David Beckham retires: football world reacts and pays tribute

The former England captain has called time on his career

Former England manager Steve McClaren hailed David Beckham as a great of the modern game after the former national team captain announced his retirement.

Beckham, who was instantly dropped when McClaren inherited the England job from Sven-Goran Eriksson in 2006, is to quit the game at the end of the season.

He bows out as a Ligue 1 winner with Paris St Germain, with the 38-year-old deciding the time is right to step away from his illustrious playing career.

Beckham eventually won over McClaren in their England days, earning a recall.

And McClaren said today: "He was a great player.

"He made the very most of his talents through sheer hard work and professionalism and always doing extra work on the training field.

"He inspired his team-mates through his performances.

"He was a winner, he's won so many things in his career, and that was infectious on his team-mates.

"And he was an inspiring personality to young players with his behaviour and professionalism on and off the field.

"But ultimately he was a leader and people followed him.

"The young players followed him in how he played and in his personality, and even off the field the young players of today are following him through his fashion."

McClaren told Sky Sports News: "By the end of his career he was a fantastic ambassador, not only for football around the world but for our country as well in helping bring major events to this country."

Beckham had a role in bringing the Olympic Games to London, but it will be his footballing feats for Manchester United, Real Madrid, PSG, LA Galaxy and AC Milan for which he will be remembered.

"He has been very special in that right midfield position," McClaren said.

"He was an unbelievable passer, crosser of the ball, and he could score goals as well.

"My lasting memory of David Beckham is him continuously being the last off the training pitch and always practising those trademark free-kicks."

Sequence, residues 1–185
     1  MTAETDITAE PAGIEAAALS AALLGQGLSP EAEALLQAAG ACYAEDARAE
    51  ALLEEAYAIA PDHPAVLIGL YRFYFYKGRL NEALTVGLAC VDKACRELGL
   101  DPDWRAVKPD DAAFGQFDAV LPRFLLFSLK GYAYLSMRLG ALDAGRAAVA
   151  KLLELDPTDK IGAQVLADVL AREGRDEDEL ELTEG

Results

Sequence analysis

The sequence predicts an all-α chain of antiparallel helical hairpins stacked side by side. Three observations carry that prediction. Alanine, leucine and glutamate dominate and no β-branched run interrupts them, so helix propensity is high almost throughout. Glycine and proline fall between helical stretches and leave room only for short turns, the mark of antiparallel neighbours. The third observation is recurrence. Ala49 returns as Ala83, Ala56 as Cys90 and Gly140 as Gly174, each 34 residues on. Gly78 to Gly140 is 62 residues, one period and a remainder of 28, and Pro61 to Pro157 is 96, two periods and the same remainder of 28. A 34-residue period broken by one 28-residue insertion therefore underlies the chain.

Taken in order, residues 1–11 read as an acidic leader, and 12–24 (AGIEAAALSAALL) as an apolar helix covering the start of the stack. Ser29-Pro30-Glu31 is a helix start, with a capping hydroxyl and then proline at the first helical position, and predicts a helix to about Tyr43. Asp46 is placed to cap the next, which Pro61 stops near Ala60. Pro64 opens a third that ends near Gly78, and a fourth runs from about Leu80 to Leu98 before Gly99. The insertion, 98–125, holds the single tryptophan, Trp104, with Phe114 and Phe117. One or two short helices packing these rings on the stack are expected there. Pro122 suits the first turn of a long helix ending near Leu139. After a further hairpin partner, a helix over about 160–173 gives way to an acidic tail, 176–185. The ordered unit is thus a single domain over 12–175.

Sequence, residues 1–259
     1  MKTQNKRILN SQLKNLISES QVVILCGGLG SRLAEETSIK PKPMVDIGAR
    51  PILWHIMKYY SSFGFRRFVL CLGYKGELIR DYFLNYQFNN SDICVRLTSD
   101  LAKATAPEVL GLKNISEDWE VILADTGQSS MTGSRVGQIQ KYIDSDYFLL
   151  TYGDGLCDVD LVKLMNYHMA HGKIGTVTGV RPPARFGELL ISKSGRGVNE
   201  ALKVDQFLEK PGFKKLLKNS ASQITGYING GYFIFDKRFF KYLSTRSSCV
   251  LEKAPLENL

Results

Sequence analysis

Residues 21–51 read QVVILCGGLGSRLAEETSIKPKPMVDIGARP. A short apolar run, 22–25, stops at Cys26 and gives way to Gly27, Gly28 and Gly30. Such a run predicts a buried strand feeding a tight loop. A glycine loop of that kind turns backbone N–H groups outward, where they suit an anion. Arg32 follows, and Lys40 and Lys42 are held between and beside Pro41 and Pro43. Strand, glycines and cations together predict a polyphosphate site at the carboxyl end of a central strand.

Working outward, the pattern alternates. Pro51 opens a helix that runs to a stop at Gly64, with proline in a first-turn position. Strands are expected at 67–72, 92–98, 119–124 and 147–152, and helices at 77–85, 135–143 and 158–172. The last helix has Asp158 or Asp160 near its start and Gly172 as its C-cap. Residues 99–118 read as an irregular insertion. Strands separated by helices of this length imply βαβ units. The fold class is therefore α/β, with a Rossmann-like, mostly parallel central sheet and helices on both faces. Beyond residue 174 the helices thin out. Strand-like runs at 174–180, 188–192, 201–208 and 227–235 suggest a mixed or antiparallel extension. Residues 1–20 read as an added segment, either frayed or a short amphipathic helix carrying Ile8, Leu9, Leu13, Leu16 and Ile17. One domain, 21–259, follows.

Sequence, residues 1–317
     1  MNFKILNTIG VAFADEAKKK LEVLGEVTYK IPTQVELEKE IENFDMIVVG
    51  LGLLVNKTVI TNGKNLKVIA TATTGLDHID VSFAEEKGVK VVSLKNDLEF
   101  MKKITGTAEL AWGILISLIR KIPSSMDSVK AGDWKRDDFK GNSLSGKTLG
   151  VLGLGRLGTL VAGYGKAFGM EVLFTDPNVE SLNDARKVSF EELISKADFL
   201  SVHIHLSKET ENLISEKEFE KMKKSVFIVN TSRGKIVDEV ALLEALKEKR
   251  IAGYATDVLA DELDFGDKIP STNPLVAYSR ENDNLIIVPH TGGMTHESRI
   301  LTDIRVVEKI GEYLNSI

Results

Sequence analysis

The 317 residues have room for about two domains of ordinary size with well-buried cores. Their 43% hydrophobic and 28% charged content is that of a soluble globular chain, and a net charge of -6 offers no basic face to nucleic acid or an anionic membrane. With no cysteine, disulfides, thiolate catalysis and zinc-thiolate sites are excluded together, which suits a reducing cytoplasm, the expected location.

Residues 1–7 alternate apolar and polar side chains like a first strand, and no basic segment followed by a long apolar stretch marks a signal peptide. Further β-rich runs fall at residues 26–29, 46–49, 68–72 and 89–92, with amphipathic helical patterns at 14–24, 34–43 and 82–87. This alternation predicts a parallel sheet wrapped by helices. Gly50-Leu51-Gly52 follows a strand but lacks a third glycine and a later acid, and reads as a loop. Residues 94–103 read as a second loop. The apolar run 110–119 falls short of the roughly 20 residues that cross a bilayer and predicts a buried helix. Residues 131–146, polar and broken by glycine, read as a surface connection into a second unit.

Beckham won 115 caps for England, more than any other outfield player.

But on the big stage, England repeatedly struggled to achieve, falling in quarter-finals at World Cups in 2002 and 2006 and Euro 2004.

"Because he was a big part of that, he was very frustrated by that," said McClaren.

Beckham's former Manchester United team-mate and long-time friend Gary Neville is in Paris, having travelled to meet Beckham.

He discussed the midfielder's decision with him and was able to offer some insight into his thinking.

"He just feel it's the right time," Neville told Sky Sports News.

"He just feels he's taken it as far as he can. He wanted to come back home, he's been away for 22 years and he's got to the end of the road.

"He's won another championship at PSG, that's four in four countries, and he just wants to come home."

Neville also paid tribute to the way Beckham has not only influenced football but also transcended it.

"You look at it and think 'wow', he's got an incredible array of caps and medals, an incredible longevity," said Neville.

"He played in the greatest midfield I've ever played with: David, Ryan Giggs, Roy Keane and Paul Scholes. David was a crosser of the ball, a passer of the ball. He had incredible stamina and energy. He was a joy to play with.

"And when you think back on the way football has changed over the last 22 years, he has probably been the most influential player in that time out of England in terms of transforming football.

"In leaving the country, to Milan, LA, Paris, he has transported England around the world and that's something he was aware of and wanted to do.

"Every clothing garment he wore, every hairstyle was followed - not just in football but out of football.

"That's why you see him working as an ambassador for the Olympics."